Alexander Jablokov: Brain Thief

The short version: Brain Thief absolutely floored me. If you think you’d like a post-modern noir that’s dark and funny, packed with quirky characters and hair-raising thrills, and has some near-future science fiction flavor, it’s run-do-not-walk time. Bernal Hayden-Rumi works for a wealthy eccentric who funds oddball research projects, something is going identifiably wonky with one as the novel opens, and I encourage you to let the novel spring all its other surprises on you without my interference.

More wordily:

On the fifth page of of Brain Thief there’s an editing gaffe that had me staring at three short paragraphs for a good minute trying to work out what Jablokov had intended to convey. This is noteworthy because it’s such an aberration. If there were any rough patches later on, I was far too caught up to notice; Brain Thief ‘s tightly coiled plot is like some finely machined watch in the act of exploding.

Brain Thief marks the first time I read a physical book and wished I was reading an electronic copy instead. This was partly because I spiked it with a dozen bookmarks for passages that exemplify Jablokov’s prose tightrope-walking between evoking classic noir and sleek sci-fi flavor (“He wore a black suit jacket, which Bernal pretended to himself he could identify as Armani,” “an old gray-water recovery unity with dangling filters made of nylon stockings stood next to a high-end rotating composter that smelled of rotting meat”, “the warbling bleert of an old dial-up modem”, “heavy batteries . . . everything in the modern world had become small and light, except the very heart of their power, which still had a Victorian mass”, “a warm day, the first day when the warmth seemed sincere rather than a smile pasted on a lurking winter” — Jablokov’s dialog crackles, too, although it’s harder to excerpt without running afoul of spoilers). But it was also because I kept needing to flip back to review previous scenes as new twists evolved my interpretation of events (Brain Thief rewards close and careful reading).

I’m not entirely clear on how eligibility for the major SF awards works, so maybe Brain Thief can still garner at least a (richly deserved, in my opinion, because there’s some serious thoughtfood under the thrillride) nomination for best novel. But I think it may not. Brain Thief is packaged as science fiction, but if you absolutely had to choose, it’s more a mystery novel with science fiction elements than a science fiction novel with mystery elements.* Perhaps that will keep it from being seriously considered as an award candidate in either genre. Which leads me to a thought about all the calories fans and critics (myself included) put into micro-classification: genre identification is helpful if it leads you to something you enjoy, but it’s harmful if it excludes something you might enjoy.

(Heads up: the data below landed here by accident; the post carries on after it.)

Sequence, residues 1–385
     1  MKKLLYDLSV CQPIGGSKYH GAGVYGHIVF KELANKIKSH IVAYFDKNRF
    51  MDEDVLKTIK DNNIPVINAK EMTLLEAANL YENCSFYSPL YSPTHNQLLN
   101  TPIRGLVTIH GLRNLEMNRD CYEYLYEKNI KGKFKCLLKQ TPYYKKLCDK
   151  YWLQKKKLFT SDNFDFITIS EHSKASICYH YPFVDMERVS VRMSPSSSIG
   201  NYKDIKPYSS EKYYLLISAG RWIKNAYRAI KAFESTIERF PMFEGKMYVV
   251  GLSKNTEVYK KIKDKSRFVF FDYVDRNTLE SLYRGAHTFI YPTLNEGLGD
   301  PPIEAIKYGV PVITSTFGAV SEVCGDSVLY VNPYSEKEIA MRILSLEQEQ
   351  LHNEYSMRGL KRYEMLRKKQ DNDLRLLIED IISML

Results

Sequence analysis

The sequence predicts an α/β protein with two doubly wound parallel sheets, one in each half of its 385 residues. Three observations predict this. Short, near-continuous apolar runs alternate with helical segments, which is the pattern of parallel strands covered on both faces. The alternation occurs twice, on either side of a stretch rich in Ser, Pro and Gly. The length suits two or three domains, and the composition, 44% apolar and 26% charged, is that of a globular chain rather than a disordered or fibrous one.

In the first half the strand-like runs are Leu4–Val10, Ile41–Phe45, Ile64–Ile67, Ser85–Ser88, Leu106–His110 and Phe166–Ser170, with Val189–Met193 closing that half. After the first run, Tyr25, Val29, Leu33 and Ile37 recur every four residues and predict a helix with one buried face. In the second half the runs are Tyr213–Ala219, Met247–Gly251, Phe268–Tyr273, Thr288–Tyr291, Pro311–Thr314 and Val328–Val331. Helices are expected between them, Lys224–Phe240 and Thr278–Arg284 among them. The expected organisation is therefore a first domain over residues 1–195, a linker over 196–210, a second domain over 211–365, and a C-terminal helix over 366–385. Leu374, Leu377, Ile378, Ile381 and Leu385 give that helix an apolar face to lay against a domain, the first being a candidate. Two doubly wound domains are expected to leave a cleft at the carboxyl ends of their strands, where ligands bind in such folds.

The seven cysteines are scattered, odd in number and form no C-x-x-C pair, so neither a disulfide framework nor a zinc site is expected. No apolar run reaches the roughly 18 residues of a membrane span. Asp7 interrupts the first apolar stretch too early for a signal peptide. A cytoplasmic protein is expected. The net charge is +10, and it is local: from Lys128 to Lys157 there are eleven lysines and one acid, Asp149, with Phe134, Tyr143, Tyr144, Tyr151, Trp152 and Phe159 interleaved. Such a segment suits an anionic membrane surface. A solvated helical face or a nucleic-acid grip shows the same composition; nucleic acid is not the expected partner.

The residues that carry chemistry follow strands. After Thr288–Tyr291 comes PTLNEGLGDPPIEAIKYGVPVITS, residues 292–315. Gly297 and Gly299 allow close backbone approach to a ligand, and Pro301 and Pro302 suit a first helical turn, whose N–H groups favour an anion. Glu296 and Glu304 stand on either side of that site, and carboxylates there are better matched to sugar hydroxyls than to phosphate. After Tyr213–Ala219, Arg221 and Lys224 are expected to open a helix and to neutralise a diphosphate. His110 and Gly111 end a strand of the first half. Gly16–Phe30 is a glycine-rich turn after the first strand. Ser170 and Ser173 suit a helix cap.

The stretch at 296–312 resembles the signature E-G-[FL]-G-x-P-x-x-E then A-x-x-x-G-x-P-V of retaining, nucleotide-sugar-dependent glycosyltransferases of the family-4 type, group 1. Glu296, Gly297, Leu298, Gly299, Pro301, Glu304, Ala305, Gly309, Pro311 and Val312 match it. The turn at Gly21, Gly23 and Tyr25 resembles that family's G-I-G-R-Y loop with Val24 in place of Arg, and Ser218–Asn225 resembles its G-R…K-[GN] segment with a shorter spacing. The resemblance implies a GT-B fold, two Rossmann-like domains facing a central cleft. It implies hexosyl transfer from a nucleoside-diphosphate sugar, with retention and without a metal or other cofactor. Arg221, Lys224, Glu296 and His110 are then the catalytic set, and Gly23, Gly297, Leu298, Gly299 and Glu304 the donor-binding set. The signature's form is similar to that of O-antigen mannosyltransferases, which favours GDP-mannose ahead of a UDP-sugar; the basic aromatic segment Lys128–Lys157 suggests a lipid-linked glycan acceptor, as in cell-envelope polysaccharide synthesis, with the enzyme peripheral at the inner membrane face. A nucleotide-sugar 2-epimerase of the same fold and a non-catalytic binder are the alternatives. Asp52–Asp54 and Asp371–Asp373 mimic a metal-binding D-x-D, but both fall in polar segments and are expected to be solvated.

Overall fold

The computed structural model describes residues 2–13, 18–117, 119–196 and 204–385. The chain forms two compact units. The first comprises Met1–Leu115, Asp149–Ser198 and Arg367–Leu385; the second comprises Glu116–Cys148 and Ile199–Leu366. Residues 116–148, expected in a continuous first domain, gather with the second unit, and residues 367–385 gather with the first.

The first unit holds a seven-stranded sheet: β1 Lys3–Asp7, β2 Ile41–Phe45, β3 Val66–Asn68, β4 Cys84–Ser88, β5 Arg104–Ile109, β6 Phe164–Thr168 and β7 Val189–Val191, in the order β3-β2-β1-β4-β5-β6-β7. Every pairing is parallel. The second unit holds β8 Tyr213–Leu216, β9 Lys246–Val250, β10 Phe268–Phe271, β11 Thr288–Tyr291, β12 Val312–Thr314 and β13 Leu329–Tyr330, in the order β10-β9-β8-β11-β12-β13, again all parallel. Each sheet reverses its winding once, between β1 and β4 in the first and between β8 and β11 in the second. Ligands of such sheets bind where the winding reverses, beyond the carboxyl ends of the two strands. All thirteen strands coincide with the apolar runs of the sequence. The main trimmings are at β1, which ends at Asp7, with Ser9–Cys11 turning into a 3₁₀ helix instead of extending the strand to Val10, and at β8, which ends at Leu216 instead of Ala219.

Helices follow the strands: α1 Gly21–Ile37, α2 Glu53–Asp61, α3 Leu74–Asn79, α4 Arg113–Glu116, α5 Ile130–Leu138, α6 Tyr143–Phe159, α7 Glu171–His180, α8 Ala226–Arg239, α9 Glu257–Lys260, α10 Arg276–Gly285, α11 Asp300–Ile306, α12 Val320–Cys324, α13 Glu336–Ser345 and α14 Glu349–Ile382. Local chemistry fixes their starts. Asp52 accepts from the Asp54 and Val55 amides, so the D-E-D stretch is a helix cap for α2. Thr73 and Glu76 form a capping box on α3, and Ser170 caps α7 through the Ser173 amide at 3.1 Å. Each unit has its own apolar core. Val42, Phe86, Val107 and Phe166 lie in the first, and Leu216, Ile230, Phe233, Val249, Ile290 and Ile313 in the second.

Brain Thief is also mostly set where our kittens hail from — between Boston and The Berkshires — and has some slyly mutated takes on some New England institutions which endeared it to me even more.

* Brain Thief reminded me of Rian Johnson’s terrific film Brick in how it incorporated the traditional elements of noir fiction into non-traditional noir setting, bringing a startling freshness to well-worn genre tropes.

needs more demons? good gravy, no.

Published by therealsummervillain

likes: equality, making things easier to use, biking, jangle, distortion, monogamy dislikes: bigotry, policies that jeopardize people, lack of transparency

2 thoughts on “Alexander Jablokov: Brain Thief

  1. You’ve caught my own fear (realized by sales figures) of the difficulty in straddling genres. It will probably never find its audience. But it has at least one attentive reader!

    Your review made my day. Much thanks.

    Alexander Jablokov


  2. Ed: The 2010 Hugo nomination deadline is “fast approaching” according to Cory Doctorow, who points out that Locus‘s annual Recommended Reading List is “an excellent cheat-sheet for award-nominations.” And Brain Thief is on it. So there’s that.


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